Physiological basis for the development of motor qualities
Muscles are the most important tissue in the body. Skeletal muscles are under direct volitional control and provide movement of the body in space and maintain posture. Regardless of the type of physical activity, the function of muscle tissue is the manifestation of contraction force and the use of the necessary energy for this.
Muscle strength depends on the cross-sectional area of muscle fibers and the degree of activation of the motor units that make up the muscle.
The increase in strength under the influence of training occurs due to two physiological mechanisms: due to working muscle hypertrophy and improved intramuscular coordination, which leads to an increase in the number of motor units that can simultaneously contract. In the case of muscle hypertrophy, it is necessary to strengthen synthetic processes in the muscle tissue itself. In the second embodiment, complex morpho-functional rearrangements affect mainly nervous tissue. As a rule, both processes proceed in a friendly manner, which allows for a properly set training process to observe a gain in strength.
Biochemical muscle strength
The biochemical strength of muscles is determined by the amount and activity of actomyosin ATPase, an enzyme located directly on the contractile apparatus of muscles. The higher the activity of actomyosin ATPase, the greater the power can develop the contractile apparatus and, accordingly, muscle strength.
Muscle fibers differ in myosin ATPase activity. Fibers with high AT-Phase activity are considered fast. They have a large cross-sectional area and are capable of developing greater strength. Muscle strength develops in ontogenesis heterochronously. A significant increase in the strength of most muscles occurs during puberty. At this time, the muscles undergo complex internal restructuring, differentiation of new and rapid development of existing muscle fibers and their apparatus innervating occurs. These changes occur not only as a result of the unfolding of the genetic program, but also under the influence of sex hormones, especially the male sex hormone testosterone and training.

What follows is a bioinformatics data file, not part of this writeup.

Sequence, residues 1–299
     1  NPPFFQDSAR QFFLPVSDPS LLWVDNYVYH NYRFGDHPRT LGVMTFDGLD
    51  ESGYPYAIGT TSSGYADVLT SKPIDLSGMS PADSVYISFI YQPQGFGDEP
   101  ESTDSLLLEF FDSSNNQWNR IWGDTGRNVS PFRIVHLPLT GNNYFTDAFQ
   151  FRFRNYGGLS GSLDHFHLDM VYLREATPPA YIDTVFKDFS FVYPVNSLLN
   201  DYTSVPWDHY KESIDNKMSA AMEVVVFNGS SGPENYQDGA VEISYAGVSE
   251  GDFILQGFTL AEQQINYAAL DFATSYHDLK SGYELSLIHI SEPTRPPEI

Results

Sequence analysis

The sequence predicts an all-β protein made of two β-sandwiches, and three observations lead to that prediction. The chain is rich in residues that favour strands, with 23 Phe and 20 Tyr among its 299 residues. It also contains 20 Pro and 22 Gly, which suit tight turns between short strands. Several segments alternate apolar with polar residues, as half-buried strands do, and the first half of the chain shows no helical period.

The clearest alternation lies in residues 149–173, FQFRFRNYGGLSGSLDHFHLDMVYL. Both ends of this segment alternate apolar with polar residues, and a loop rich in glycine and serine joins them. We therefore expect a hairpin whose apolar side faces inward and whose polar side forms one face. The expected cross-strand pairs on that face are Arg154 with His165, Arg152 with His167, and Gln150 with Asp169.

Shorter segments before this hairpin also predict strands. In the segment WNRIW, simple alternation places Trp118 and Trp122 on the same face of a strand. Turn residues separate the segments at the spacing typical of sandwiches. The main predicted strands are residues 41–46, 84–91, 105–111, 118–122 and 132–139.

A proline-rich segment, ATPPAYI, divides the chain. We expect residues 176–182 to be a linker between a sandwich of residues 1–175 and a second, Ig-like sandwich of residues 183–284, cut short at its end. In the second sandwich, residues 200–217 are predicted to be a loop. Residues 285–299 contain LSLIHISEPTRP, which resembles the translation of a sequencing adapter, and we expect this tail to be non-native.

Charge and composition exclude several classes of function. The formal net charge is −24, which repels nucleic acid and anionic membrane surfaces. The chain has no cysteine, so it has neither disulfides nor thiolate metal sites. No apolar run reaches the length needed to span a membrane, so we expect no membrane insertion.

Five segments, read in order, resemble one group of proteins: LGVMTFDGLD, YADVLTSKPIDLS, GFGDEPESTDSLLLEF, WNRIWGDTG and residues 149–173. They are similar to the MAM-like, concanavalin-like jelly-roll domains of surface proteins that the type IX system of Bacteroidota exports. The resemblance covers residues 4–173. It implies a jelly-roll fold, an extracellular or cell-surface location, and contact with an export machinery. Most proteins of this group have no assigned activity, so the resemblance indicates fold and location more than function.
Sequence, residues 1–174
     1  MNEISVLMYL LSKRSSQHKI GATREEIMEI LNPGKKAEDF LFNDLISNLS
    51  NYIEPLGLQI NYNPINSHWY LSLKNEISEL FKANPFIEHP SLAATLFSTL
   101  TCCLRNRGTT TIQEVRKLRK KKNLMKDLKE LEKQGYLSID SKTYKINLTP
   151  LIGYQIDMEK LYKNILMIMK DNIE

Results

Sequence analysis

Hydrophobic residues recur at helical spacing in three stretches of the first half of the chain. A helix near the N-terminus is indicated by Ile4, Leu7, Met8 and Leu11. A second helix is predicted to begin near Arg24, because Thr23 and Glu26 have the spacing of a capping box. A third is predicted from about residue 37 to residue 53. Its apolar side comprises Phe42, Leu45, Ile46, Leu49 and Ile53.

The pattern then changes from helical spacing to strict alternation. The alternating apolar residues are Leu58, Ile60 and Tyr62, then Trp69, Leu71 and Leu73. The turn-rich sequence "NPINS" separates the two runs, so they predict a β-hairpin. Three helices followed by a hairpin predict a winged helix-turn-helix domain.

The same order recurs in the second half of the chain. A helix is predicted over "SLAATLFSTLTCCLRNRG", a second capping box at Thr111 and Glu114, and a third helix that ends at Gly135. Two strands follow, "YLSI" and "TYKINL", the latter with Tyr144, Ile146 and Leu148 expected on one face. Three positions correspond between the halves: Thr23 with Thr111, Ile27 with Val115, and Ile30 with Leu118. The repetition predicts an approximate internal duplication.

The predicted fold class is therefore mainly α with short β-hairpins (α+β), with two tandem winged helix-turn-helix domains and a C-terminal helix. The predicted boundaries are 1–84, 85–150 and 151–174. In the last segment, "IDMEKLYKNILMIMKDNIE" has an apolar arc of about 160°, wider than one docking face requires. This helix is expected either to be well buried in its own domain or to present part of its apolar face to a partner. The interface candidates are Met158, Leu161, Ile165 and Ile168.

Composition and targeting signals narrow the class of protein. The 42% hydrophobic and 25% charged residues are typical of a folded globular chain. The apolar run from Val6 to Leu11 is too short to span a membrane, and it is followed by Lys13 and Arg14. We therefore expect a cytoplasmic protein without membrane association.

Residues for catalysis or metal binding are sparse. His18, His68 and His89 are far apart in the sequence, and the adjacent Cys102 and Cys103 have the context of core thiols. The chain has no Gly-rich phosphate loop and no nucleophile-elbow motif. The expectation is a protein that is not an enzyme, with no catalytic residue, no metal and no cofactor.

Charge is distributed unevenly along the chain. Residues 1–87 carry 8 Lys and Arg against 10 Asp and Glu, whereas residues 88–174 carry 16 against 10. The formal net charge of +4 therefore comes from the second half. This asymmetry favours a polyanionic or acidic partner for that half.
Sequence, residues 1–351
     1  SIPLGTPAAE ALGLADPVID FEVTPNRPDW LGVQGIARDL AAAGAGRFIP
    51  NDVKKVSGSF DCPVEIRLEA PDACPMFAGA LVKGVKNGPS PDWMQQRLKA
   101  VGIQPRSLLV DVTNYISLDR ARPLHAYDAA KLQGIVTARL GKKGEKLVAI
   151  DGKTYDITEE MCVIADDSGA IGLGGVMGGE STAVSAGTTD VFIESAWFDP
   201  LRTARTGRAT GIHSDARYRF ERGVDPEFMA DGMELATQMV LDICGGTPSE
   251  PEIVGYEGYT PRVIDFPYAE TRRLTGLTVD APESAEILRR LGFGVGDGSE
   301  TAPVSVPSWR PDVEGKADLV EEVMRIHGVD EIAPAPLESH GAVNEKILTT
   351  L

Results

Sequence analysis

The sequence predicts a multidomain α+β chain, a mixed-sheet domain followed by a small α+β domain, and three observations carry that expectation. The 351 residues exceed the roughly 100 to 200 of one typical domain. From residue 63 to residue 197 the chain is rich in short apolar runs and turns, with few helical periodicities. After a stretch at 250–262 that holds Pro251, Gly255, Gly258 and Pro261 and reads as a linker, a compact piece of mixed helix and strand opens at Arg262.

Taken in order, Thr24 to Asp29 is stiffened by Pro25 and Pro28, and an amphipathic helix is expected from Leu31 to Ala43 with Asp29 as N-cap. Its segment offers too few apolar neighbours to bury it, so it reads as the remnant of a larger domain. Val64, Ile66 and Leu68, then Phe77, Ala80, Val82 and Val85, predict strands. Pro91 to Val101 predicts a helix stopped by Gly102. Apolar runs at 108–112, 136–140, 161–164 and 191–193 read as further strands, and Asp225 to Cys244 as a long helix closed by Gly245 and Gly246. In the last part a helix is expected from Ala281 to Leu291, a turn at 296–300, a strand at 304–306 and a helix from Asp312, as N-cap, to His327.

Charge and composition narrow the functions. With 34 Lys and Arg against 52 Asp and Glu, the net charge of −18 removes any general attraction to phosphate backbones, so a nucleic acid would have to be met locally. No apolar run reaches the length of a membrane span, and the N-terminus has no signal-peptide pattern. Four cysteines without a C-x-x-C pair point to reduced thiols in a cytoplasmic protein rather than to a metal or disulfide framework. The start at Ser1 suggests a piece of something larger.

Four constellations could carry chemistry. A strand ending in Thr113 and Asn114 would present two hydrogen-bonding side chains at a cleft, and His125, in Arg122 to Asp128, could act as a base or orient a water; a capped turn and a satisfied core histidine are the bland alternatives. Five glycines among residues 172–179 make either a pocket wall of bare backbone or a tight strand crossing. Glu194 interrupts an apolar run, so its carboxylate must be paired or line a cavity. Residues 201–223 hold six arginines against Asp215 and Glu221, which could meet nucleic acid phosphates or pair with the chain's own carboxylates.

In the process of strength training, the production of steroid hormones is enhanced. It is a natural stimulator of the growth and development of muscle tissue. This development is balanced, the muscles acquire all the necessary properties. Systematic strength training is best started at the age of 14-15 years. Recommendations to begin special permanent strength training from an earlier age are scientifically unfounded, insolvent and unhealthy. However, as one of the components of the integrated development of motor qualities, one can apply certain types of strength exercises from an earlier age.
Many children of primary school age, especially those related to the muscular-digestive type of physique, are happy to pull up and push up, perform elements of gymnastics. To a reasonable extent, this is permissible and useful.
Speed of movement
+ If we talk about the speed of movements, then the physiological processes underlying the manifestation of speed are very complex and diverse. First of all, speed depends on the greatest possible frequency of impulse of the nerve motor centers that control the reduction of motor units. However, a signal from the center will not have any consequences if it arrives at an unprepared implementing agency. By the time the next pulse signal arrives, the recovery processes (ATP resynthesis, etc.) in the muscle fibers themselves must be completed. This requires a very high activity of enzymes, primarily energy metabolism.
The contraction force of the antagonist muscles must be coordinated so that the accelerations imparted to the individual parts of the bone skeleton are optimal in magnitude and direction. It depends on the regulation of contractile activity by the motor centers. The speed of movement should be distinguished from the speed of movement. In the latter case, not only speed is important, but also the strength of a single contraction, the value of a one-time acceleration and, accordingly, the path that is overcome during one cycle. In its pure form, the speed of movements can be registered, for example, when changing the maximum rate of movements of the finger, hand, shoulder. Moreover, the greatest increase in the maximum frequency of movements is observed in the period from 7 to 9 years, and then in the period from 11 to 13 years.
These age periods are also most favorable for the development of the quality of speed. The differences in the physiological processes that occur as speed develops during these periods are that in childhood, mainly, intramuscular coordination is improved and the controlling effects of the nerve centers are worked out, and in adolescence, the increase in speed is provided by the restructuring of the energy supply of muscle contraction.